New document identifies and challenges commonly-held assumptions made about the technology

Modular housing

The use of modern methods of construction will be vital to boosting the supply of affordable homes across the UK, according to a new guide on the technology.

The document, “MMC for affordable housing developers”, published by the Housing Forum which represents 150 companies across the housing sector, argued that use of MMC would “help the government meet its commitment to deliver 300,000 homes a year, but also benefit affordable housing providers and their tenants”.

The guide has identified and challenged commonly-held assumptions that are made about the technology, including poor quality, problems raising finance and confusion over contracts.

The guide said: “We believe effective deployment of MMC is a way to future-proof housing supply, speed up delivery, reduce defects, improve as-built performance and reduce maintenance costs. And as the industry matures, there is a good chance build costs will come down significantly.”

Shelagh Grant, chief executive of The Housing Forum, said: “This guide challenges the myths surrounding procurement, contracts and costs, to help public sector organisations assess the business case for MMC, armed with accurate information.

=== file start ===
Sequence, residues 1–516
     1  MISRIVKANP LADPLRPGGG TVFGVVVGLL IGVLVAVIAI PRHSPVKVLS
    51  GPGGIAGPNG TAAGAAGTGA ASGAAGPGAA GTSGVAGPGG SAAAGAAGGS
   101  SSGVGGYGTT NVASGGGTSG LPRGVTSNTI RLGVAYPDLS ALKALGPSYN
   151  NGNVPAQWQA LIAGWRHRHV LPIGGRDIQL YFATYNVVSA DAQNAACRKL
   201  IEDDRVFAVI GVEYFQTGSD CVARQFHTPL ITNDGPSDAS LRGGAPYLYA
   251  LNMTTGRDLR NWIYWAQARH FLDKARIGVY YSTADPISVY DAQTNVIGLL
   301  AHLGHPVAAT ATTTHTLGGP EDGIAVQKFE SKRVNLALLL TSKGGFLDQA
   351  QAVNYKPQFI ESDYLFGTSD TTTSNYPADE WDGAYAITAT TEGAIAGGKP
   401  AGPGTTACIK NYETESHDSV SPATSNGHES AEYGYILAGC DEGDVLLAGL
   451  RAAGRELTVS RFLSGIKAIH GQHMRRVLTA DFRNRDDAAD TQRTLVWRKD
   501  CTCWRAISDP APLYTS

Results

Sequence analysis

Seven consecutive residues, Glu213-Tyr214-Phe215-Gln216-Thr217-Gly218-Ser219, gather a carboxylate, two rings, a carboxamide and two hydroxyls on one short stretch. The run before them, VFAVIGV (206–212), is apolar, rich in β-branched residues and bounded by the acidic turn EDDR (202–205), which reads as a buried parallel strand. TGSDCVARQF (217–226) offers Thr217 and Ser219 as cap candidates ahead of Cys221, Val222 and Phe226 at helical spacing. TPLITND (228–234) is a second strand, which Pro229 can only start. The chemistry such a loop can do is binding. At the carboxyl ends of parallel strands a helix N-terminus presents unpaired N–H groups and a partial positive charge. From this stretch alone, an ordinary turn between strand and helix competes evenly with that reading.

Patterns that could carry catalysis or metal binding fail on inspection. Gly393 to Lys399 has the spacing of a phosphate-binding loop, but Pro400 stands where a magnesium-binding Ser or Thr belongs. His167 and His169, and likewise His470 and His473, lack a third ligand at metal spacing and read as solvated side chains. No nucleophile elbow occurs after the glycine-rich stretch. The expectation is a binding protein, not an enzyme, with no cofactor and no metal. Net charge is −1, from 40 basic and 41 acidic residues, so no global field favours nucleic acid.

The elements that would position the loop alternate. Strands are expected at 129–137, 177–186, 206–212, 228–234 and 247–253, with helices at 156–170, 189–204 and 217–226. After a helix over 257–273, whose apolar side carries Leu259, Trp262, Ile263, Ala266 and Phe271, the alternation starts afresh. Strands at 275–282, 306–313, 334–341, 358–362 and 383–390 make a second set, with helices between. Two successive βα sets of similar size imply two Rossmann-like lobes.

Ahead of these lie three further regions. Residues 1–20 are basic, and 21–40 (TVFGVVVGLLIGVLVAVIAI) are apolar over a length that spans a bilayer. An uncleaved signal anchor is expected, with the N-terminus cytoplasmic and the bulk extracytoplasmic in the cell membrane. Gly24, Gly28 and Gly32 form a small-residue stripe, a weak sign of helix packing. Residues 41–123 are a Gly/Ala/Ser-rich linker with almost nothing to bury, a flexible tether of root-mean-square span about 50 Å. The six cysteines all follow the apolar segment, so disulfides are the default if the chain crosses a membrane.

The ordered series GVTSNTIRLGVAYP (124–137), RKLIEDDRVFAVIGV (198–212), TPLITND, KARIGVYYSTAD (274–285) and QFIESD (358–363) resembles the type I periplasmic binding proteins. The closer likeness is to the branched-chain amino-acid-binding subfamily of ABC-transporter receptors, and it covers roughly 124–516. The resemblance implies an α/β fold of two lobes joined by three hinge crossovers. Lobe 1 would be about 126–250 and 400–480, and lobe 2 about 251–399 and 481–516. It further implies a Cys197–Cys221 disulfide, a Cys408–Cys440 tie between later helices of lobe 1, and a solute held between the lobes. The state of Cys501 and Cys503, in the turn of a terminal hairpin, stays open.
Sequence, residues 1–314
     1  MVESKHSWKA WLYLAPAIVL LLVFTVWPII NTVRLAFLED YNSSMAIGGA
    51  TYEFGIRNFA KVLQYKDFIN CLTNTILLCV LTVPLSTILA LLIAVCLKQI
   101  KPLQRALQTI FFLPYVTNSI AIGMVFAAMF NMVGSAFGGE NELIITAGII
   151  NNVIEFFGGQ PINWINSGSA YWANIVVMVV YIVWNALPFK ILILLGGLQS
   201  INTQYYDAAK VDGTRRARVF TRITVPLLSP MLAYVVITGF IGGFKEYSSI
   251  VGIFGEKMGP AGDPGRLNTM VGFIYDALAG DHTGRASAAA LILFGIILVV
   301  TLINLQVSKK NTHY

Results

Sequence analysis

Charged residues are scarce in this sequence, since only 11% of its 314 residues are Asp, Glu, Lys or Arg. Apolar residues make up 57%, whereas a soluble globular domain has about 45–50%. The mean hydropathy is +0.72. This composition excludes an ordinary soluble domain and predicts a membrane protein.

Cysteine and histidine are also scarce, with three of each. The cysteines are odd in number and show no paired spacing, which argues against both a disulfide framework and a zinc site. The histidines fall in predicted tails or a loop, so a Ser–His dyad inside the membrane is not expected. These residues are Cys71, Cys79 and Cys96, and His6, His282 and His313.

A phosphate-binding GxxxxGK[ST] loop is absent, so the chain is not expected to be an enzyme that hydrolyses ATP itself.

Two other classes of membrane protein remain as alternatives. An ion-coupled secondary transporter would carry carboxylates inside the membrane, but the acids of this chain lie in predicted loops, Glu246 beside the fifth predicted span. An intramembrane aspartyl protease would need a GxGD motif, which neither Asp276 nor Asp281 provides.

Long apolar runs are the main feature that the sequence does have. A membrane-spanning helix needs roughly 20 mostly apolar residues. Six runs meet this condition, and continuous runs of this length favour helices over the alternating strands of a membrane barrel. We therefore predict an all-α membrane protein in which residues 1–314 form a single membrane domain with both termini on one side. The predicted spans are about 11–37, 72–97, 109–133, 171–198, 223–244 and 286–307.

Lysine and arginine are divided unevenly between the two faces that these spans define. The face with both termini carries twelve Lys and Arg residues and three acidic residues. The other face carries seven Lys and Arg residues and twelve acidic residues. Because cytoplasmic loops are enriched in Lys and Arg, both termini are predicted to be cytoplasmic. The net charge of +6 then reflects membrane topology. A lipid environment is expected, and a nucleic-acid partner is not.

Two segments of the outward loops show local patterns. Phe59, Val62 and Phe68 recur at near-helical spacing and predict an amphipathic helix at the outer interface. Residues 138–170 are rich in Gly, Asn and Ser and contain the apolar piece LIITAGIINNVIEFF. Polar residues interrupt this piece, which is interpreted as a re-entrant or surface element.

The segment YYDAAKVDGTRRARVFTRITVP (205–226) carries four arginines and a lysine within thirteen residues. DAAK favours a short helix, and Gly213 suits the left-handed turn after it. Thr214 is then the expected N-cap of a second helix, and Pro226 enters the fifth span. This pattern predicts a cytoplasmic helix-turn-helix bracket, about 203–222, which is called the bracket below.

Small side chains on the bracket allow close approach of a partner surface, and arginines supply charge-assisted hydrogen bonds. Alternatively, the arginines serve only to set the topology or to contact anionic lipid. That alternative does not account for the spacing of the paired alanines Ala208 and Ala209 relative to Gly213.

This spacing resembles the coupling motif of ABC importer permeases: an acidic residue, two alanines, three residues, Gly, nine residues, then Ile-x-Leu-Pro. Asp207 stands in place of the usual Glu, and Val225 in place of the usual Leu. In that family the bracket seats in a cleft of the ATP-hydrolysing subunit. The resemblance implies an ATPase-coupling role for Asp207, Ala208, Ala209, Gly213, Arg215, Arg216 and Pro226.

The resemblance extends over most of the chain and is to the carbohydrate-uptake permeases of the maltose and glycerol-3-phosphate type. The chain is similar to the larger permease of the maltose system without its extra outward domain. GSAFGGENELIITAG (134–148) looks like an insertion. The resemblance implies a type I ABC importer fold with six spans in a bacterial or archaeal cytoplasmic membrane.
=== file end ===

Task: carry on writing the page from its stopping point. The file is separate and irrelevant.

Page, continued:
“Using MMC effectively will future-proof housing supply. It leads to faster build times, minimises disruption to communities, and there are fewer defects, providing consistent quality and better as-built performance.”

But the government appears less enthusiastic about MMC’s prospects, earlier this month pouring cold water on a recommendation by the select housing committee that publicly-funded housing schemes should use MMC-related techniques.

Responding to the committee’s report the government said there were “currently no plans to make the use of MMC a requirement for these funding schemes to ensure we continue to create conditions for the industry to innovate and avoid focusing only on the frontrunners in the sector.”

The Housing Forum’s guide, which sets out seven categories of MMC, acknowledged the barriers to MMC gaining traction, with compliance with the procurement regime cited as one of the biggest factors affecting public sector organisation’s adoption of the technologies.